Grounded by the virus crises, aircrews serve the NHS
As curbed demand for passenger jets has prompted trimming of workforce for many airlines, a few airlines have stepped up and resourcefully asked their staff to join the medical workforce at NHS
Fast forwarding the Covid-19 pandemic panic to the current times: most passenger flights still remain grounded, cargo is still filled to the brim in the aircraft bellies and has moved to the cabins, while being delivered from one relief centre to another at an alarming rate, globally. Many airlines saw their aircraft fly cargo-only for the first time and new guidelines are being pushed to facilitate these new shipping arrangements.
The vital role air cargo plays in meeting supply chain demands is growing more and more in sight, and in times of pandemic, it is safe to conclude that air cargo is lifting life. However, a single air travel makes it evident that airlines thrive for service and safety and that it is for the people and by the people, and in times like these when the airlines are grounding their passenger services, a power of communal movement of cabin crews is at work.
As curbed demand for passenger jets has prompted trimming of workforce for many airlines, a few airlines have stepped up and resourcefully asked their staff to join the medical workforce to fight the battle against the novel coronavirus. As cabin crews are trained for basic medical assistances, which also includes cardiopulmonary resuscitation (CPR), and with additional training, the mobilisation of crews becomes all the more important and wanting.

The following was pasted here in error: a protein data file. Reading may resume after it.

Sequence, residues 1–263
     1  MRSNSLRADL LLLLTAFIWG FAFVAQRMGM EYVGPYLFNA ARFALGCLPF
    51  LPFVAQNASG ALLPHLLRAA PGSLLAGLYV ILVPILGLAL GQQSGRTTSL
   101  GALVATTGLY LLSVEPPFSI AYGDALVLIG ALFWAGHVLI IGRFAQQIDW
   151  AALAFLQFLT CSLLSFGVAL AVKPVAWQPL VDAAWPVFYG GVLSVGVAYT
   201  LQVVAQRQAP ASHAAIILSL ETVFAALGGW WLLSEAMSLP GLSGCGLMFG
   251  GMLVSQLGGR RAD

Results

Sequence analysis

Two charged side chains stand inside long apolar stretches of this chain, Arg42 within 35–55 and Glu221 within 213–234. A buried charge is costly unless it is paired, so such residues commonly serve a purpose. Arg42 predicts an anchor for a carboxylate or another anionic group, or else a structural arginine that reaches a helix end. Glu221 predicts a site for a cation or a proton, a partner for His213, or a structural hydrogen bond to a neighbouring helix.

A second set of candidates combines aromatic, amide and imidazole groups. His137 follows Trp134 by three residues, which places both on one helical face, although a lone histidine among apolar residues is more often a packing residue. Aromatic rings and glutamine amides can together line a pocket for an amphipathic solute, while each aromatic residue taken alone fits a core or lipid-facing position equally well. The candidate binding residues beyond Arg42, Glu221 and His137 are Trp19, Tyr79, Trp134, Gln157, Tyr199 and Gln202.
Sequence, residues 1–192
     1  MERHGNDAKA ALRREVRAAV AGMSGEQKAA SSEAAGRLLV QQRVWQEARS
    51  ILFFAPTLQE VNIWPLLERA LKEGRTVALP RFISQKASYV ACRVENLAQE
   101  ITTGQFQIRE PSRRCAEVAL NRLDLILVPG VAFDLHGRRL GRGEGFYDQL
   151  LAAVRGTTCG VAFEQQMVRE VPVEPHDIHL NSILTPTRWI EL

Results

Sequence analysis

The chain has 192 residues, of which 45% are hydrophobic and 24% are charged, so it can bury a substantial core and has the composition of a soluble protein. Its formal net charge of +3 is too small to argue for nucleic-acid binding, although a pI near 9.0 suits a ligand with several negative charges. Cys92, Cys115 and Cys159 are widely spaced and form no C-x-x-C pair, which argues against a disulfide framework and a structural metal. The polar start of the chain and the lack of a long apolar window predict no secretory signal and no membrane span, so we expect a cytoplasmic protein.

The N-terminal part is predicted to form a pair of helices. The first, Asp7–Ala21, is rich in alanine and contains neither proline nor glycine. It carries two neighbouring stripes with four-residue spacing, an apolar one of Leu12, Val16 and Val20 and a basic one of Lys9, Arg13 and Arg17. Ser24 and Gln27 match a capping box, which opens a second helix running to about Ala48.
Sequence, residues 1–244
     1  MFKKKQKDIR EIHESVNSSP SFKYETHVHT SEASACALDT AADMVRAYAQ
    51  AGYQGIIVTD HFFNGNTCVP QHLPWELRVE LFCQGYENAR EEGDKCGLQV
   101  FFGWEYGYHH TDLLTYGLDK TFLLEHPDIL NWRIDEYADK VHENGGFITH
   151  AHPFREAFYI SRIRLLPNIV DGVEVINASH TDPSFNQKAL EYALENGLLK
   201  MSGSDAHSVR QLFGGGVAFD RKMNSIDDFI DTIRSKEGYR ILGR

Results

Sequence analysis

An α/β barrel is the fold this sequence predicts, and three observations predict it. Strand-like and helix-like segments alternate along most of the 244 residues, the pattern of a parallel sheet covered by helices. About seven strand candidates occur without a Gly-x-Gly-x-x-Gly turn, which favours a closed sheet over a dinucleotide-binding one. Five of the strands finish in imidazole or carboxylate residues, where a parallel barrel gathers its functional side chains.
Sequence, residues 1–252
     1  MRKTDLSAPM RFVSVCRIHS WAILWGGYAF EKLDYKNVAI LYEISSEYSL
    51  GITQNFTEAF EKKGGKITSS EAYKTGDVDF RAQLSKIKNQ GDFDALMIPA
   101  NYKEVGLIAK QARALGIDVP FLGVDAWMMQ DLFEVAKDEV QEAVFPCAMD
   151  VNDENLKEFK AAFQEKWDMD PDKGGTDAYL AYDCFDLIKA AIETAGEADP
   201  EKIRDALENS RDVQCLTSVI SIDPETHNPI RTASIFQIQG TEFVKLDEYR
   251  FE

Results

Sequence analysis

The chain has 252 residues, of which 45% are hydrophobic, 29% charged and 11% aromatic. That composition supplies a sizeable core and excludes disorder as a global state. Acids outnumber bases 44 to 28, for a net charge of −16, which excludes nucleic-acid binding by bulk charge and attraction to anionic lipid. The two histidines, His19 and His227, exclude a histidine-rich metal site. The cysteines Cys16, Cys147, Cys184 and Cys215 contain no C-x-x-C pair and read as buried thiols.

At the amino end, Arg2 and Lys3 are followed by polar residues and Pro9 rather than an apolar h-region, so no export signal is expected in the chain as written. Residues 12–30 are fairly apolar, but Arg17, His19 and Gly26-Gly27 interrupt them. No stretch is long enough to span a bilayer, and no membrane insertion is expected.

Health emergencies encircling the global health pandemic has overwhelmed the healthcare systems in many countries, and with nurses, medics working round-the-clock, the system is in desperate need for volunteers, especially the National Health Services (NHS). On March 30, easyJet, a British airline group, wrote to 9,000 staff, based out of the UK, inviting them to volunteer for further training before helping out at the critical care field hospitals in London, Birmingham and Manchester.
Tina Milton, Director of Cabin Services for easyJet, said: “We have all needed the NHS at some point in our lives and so we are so proud that our crew can now help to support the NHS at this crucial time. The NHS is at the forefront of dealing with this health emergency but the training and skills our cabin crew have, working closely with the medical professionals, could help make a real difference.”
Cabin crews and staffers who decide to join the frontline will be given expert training and will then be asked to take part in supportive roles under the guidance of trained nurses.
In another case, Virgin Atlantic has already contacted 4,000 of its employees, prioritising those who already have relevant skills that could be leveraged on the sites immediately with an assurance that the volunteers will continue to receive the pay by the airlines.
Corneel Koster, Chief Customer Officer at Virgin Atlantic, said: “We are very grateful to the NHS for everything they are doing in extremely challenging circumstances and we’re committed to doing all we can to support the national effort against the rapid acceleration of Covid-19.” He added, “We are very proud of our highly skilled people at Virgin Atlantic and since the Government’s Coronavirus Job Retention Scheme was announced, we have been inundated with our employees looking to help other organisations at this time of crisis. The NHS approached us with this unique opportunity as they recognise the value and experience our medically trained cabin crew and trainers will bring to the incredible Nightingale Hospital initiative.”
The NHS has invited staff from both the airlines to volunteer at the new 4,000-bed clinic being built at the ExCel centre in east London. Their services will also be needed in clinics planned in Birmingham and Manchester.